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Pearl Glossary

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  • Abalone Blister Pearl
    Natural half-pearl that forms on the inside of an abalone oyster shell rather than within its tissue. Once it is reworked, it is known as a Mabe pearl.
  • Abalone Pearl
    Natural whole pearl formed in the body of an abalone, a univalve mollusk known for its iridescent pearls.
  • Adductor
    Muscle responsible for opening and closing a mollusk shell. Sometimes eaten as a delicacy.
  • Akoya Cultured Pearl
    A pearl produced by inserting a seed into a Pinctada fucata martensi mollusk.
  • Ama
    Historical female pearl divers of Japan. There are 2 kinds: kachido worked alone while the funado worked with a partner, usually the husband.
  • Aragonite
    Calcium carbonate crystals that are stacked in a brick pattern. Aragonite is a component of mother-of-pearl and nacre.
  • Atoll
    A ring of coral that encircles a lagoon. Atolls are considered to be the best place to farm the Pinctada margaritifera mollusk.
  • Baroque
    An irregular or asymmetrical pearl. Freshwater pearls are commonly baroque in shape because they are seeded with tissue rather than a bead.
  • Basra Pearl
    Name given by Indian pearl dealers to freshly harvested natural pearls from the town of Basra, Iraq.
  • Bead-Cultured Pearl
    A pearl grown in freshwater or saltwater that has been started by implanting a bead into a mollusk.
  • Bivalve
    A mollusk with a two-part shell attached by a hinge. Some but not all bivalve mollusks produce pearls.
  • Biwa Pearl
    A freshwater pearl grown in a Hyriopsis schlegeli mussel in Lake Biwa, Japan. Sometimes used incorrectly to describe any freshwater pearl.
  • Black-Lipped Pearl Oyster
    A pearl-producing mollusk that is either a Pinctada margaritifera or a Pinctada margaritifera cumingi.
  • Black Pearl
    A pearl that is naturally dark in color produced by any of the following mollusks: Pinctada margaritifera, Pinctada mazatlanica, or Pteria sterna.
  • Bleaching
    Common whitening treatment applied to most freshwater and cultured Akoya pearls, and sometimes to Tahitian or South Sea pearls.
  • Blemish
    A flaw on the surface of a pearl, including pits and/or humps. Blemishes may be difficult to detect with the naked eye.
  • Blister Pearl
    A pearl that is attached to the shell of the mollusk. It may occur naturally or be done intentionally.
  • Bu
    Historical Japanese linear measurement that is still used today to describe the diameter of a bead nucleus. One bu = 3.03 millimeters.
  • Buffing
    A method of removing organic residue from the surface of a pearl to improve its appearance.
  • Button Pearl
    A dome-shaped pearl with one flat side. Classified as ‘high’ or ‘low’ based on height of dome.
  • Byssus
    Thread-like tissue secreted by bivalve mollusks to attach themselves to a solid surface.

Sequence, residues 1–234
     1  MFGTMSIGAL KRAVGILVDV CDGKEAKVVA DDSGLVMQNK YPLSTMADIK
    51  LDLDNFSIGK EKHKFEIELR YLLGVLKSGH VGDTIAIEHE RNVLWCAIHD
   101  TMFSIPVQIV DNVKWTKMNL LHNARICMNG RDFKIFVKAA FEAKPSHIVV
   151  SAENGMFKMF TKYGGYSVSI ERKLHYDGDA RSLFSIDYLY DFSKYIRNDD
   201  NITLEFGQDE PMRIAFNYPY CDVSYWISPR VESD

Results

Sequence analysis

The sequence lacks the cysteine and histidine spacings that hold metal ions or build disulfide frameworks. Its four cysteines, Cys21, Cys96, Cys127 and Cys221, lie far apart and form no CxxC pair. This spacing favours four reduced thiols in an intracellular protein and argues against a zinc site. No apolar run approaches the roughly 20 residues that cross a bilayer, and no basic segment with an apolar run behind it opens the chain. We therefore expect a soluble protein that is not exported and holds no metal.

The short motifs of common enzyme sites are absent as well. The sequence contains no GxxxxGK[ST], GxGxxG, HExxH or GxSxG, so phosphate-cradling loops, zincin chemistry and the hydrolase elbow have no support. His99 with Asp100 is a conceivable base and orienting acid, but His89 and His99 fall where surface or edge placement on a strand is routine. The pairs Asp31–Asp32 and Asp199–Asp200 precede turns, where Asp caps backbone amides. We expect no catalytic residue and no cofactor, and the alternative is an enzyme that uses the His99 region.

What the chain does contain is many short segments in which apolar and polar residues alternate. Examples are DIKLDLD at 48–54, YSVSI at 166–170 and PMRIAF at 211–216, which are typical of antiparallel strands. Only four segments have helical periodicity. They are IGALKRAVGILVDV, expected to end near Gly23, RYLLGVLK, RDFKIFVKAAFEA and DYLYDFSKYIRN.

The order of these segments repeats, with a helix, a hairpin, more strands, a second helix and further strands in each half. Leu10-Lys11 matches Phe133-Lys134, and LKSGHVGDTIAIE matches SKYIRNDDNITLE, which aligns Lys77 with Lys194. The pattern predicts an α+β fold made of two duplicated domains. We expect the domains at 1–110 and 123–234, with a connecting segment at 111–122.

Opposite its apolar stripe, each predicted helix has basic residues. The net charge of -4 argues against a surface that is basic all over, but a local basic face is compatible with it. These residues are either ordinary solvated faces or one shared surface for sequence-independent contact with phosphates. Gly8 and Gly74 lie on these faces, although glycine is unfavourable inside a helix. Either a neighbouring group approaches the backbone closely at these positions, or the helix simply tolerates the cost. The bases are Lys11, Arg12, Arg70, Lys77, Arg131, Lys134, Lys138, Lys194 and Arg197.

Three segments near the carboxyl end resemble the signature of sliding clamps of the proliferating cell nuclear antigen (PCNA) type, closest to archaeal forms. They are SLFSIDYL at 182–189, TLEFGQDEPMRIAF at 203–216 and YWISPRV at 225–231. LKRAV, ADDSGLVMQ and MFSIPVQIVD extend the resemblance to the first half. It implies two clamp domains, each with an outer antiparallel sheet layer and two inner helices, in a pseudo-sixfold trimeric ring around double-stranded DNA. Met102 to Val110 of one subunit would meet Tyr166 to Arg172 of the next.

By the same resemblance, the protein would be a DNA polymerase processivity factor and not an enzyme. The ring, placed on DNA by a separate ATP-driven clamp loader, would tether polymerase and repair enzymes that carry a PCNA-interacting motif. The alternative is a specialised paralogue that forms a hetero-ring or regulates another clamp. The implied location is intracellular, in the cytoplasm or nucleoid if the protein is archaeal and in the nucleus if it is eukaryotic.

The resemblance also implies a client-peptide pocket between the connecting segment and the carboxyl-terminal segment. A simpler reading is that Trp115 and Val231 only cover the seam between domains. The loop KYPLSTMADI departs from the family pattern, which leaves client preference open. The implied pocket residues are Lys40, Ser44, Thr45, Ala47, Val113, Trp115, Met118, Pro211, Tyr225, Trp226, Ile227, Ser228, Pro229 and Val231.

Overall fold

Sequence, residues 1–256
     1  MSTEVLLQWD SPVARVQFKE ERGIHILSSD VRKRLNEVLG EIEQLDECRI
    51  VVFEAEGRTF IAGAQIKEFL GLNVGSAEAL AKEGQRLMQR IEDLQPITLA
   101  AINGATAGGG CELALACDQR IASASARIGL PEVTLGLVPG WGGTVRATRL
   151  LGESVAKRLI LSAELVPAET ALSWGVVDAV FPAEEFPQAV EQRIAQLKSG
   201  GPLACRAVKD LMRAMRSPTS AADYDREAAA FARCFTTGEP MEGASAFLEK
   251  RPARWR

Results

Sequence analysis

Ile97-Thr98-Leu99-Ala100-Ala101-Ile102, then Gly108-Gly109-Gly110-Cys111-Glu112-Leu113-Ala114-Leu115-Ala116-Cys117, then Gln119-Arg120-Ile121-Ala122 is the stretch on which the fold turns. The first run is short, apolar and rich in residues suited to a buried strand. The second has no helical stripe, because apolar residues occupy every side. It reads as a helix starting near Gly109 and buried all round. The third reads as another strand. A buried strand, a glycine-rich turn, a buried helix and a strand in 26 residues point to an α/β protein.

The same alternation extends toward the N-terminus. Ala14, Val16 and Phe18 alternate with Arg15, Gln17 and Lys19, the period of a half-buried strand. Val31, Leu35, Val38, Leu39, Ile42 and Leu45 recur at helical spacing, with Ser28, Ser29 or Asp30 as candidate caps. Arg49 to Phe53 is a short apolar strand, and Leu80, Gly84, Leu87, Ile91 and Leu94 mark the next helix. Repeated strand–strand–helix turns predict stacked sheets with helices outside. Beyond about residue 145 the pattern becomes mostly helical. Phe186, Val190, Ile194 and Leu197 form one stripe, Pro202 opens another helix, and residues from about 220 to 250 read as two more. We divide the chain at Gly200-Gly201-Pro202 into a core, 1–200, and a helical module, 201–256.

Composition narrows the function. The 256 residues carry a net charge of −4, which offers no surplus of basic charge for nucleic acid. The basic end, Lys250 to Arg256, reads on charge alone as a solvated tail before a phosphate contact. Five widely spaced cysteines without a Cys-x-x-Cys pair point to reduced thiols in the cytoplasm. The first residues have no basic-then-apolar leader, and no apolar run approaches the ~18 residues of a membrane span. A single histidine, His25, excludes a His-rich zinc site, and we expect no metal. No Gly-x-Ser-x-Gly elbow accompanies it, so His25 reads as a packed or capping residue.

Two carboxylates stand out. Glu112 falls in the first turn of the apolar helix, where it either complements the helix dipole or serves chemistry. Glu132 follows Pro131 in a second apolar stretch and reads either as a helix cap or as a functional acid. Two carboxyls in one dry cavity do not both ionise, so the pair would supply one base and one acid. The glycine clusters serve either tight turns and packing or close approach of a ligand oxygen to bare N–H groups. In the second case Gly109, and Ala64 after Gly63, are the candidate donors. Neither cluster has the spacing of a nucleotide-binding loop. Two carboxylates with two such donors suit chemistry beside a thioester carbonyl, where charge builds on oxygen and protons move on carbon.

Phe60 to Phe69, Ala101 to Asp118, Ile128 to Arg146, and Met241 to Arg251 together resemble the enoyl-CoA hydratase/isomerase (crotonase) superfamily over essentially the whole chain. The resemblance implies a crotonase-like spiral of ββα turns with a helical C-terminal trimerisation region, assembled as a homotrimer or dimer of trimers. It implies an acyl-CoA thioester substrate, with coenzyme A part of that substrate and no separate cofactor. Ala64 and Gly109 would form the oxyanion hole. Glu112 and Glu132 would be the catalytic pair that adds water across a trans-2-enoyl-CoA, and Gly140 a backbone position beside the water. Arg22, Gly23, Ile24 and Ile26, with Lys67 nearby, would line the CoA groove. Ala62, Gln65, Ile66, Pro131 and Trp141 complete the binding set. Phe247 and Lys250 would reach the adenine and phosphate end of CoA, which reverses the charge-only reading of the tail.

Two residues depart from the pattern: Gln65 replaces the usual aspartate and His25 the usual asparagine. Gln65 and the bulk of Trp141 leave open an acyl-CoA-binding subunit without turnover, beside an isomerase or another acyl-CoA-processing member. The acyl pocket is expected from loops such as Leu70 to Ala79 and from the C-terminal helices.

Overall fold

• Calcareous Concretion
    Many types of mollusks including oysters and conches produce these stone-like growths. All pearls are calcareous concretions, nacreous or otherwise.
  • Calcite
    A natural crystalline form of calcium carbonate. When combined with conchiolin and aragonite, they make up nacre.
  • Carat
    A weight measure sometimes used for natural pearls. A carat = 4 grain, 200 milligrams and 0.007054 ounces.
  • Choker
    A pearl necklace that lies above the collar bone and measures 14-16-inch (35-41 cm) in length.
  • Circled Pearl
    A pearl with raised, concentric rings on its surface, likely due to the pearl rotating during growth.
  • Clam Pearls
    Non-nacreous pearls sometimes found in clams. They are generally low in value.
  • Clean
    The best way to clean pearls is by wiping them with a soft cloth after each wear. Use a damp cloth and mild dish soap only when needed. Let dry before storing.
  • Coating
    A natural or artificial layer applied to pearls to enhance surface quality, luster or other optical effects.
  • Collar
    A pearl necklace measuring 10-13-inch (25-33 cm) in length, slightly longer than a choker.
  • Color
    Pearls come in a rainbow of colors, from classic white to exotic black and every shade in between. Pearls frequently have overtones or a secondary color, including rose, silver, gold, and peacock (a mix of rose, gold, and green).
  • Composite Pearls
    Two conjoined pearls that give the appearance of a single pearl.
  • Conch Pearl
    A non-nacreous pearl produced by a conch shell. Rare and valuable, pink is the most desired color.
  • Conchiolin
    An organic glue-like substance that bonds aragonite and calcite crystals in a mollusk’s shell and creates the iridescent layer of mother-of-pearl.
  • Cortez Pearls
    Pearls cultured in Pteria sterna mollusks in the Sea of Cortez, aka the Gulf of California.
  • Cultured Pearl
    A pearl produced by inserting a bead or tissue graft into a mussel or mollusk. The main difference between cultured pearls and natural pearls is cost, cultured being more affordable.
  • Diffraction
    One way nacre layers split light into rainbow colors, sometimes displayed as an overtone.
  • Dome
    A rounded, convex shape with a flat back that is thickest in the middle and tapers toward the edges.
  • Dyeing
    Artificial coloring of pearls to enhance hue, or to create pearls in colors not found in nature. Pearls are usually dyed after drilling to improve color absorption.
  • Faux Pearl
    Any imitation pearl manufactured by coating a glass or plastic sphere with a pearlescent coating that is sometimes pearl powder.
  • Fluorescence
    A common diagnostic tool used to determine whether a pearl has been dyed.
  • Freshwater Cultured Pearl